Despite what your congressman may tell you, cyber war might never happen, says a researcher in the Department of War Studies at King’s College London.

Thomas Rid, also a fellow at Johns Hopkins’ School for Advanced International Studies, writes that “Cyber War Will Not Take Place”, an assessment that contrasts with those of many elected U.S. officials. Rid claims that no online attack to date constitutes cyber war and that it’s “highly unlikely that cyber war will occur in the future.”

For an online attack to constitute war, he writes, it would have to be “a potentially lethal, instrumental, and political act of force conducted through malicious code.” Despite a lack of an on-the-record online attack that fulfills these criteria, and little evidence that one ever will, members of Congress have relentlessly touted a message of cyber doom in recent years.

“We are at war, we are being attacked, and we are being hacked, ” said Sen. Barbara Mikulski (D-Md.), when U.S. Cyber Command headquarters were established in Maryland in 2010. Sens. Jay Rockefeller (D-W. Va.) and Olympia Snowe (R-Maine) published an op-ed in The Wall Street Journal last year titled, “Now Is the Time to Prepare for Cyberwar.” Rockefeller and Snowe sponsored one of the numerous cybersecurity bills that has been proposed in the past two years.

At a Senate hearing in 2010, Sen. Carl Levin (D-Mich.) said, “cyber weapons and cyber attacks potentially can be devastating, approaching weapons of mass destruction in their effects.” At a House hearing, Rep. Yvette Clarke (D-N.Y.) also implied that cyber threats are as dangerous as kinetic warfare saying, “There is no more significant threat to our national and economic security than that which we face in cyberspace.”

But, Rid writes, even previous politically motivated cyber attacks are “merely sophisticated versions of three activities that are as old as warfare itself: subversion, espionage, and sabotage.”

His sentiments echo ones that Jerry Brito and I expressed in “The Cybersecurity-Industrial Complex: The feds erect a bureaucracy to combat a questionable threat”, from the August/September 2011 issue of Reason. Brito and I noted that warnings from members of Congress and government officials about online threats almost unfailingly include rhetoric about war, doom, or catastrophe. But the evidence they offer almost unfailingly relates to things like espionage, crime, vandalism, or flooding websites with traffic via distributed denial of service (DDoS) attacks.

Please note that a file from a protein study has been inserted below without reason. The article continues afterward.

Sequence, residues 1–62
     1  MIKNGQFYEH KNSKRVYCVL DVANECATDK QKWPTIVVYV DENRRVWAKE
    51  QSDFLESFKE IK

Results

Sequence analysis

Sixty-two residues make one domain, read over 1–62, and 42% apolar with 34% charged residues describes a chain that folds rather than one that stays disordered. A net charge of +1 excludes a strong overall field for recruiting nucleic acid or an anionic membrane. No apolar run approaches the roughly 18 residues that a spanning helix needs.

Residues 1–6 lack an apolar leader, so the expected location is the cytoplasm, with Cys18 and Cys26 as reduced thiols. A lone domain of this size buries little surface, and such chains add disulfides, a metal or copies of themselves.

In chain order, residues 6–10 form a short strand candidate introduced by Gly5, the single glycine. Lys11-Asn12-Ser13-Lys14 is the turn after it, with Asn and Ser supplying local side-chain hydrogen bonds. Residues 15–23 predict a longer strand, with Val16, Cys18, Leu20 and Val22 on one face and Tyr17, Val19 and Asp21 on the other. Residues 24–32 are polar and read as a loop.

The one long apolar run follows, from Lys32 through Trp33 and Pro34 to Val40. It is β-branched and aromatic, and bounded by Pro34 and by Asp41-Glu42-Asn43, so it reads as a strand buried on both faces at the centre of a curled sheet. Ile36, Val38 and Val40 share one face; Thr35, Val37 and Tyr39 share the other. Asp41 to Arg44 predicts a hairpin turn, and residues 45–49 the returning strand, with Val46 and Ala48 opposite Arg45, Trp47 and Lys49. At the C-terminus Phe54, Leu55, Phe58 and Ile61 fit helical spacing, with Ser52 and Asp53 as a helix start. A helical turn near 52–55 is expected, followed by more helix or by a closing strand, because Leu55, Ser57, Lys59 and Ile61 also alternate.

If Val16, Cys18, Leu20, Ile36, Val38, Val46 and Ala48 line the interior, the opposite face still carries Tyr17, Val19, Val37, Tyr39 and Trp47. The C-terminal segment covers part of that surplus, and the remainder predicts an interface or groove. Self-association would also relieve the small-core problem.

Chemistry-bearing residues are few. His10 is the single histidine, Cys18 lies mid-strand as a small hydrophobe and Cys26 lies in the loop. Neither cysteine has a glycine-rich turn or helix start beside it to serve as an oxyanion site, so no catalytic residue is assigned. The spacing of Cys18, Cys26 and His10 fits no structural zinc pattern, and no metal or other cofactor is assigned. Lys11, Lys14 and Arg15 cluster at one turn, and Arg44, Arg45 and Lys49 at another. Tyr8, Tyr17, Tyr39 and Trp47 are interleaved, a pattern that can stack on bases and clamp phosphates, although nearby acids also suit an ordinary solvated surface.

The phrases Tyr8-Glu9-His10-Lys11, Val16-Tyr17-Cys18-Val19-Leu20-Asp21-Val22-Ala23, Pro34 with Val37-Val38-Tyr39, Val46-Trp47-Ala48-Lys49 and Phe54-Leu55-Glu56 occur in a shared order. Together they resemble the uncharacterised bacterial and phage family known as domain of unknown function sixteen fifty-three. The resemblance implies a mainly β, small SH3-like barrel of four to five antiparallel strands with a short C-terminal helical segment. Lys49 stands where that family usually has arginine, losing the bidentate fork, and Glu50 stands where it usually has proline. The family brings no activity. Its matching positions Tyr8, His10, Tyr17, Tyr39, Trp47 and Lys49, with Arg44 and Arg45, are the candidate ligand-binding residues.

We pointed out, as Rid does, that oft-cited examples of cyber war—like DDoS attacks on Estonian government and bank websites in 2007 and similar attacks against the nation of Georgia in 2008—do not constitute war. Rid notes that the attacks against Estonia fail to pass the criteria that render an attack “war”: namely, that it’s potentially lethal, instrumental, and political:

Unlike a naval blockade, the mere ‘blockade’ of websites is not violent, not even potentially; unlike a naval blockade, the DDoS attack was not instrumentally tied to a tactical objective, but an act of undirected protest; and unlike ships blocking the way, the pings remained anonymous, without political backing.

One government official who has laudably countered the cyber war rhetoric is White House cybersecurity coordinator Howard Schmidt. “There is no cyberwar,” Schmidt told Wired.com in 2010. “I think that is a terrible metaphor and I think that is a terrible concept.”

Read Brito and my full treatment of the cybersecurity-industrial complex and dangers of cyber threat inflation in “Loving the Cyber Bomb? The Dangers of Threat Inflation in Cybersecurity Policy”, forthcoming from the Harvard National Security Journal.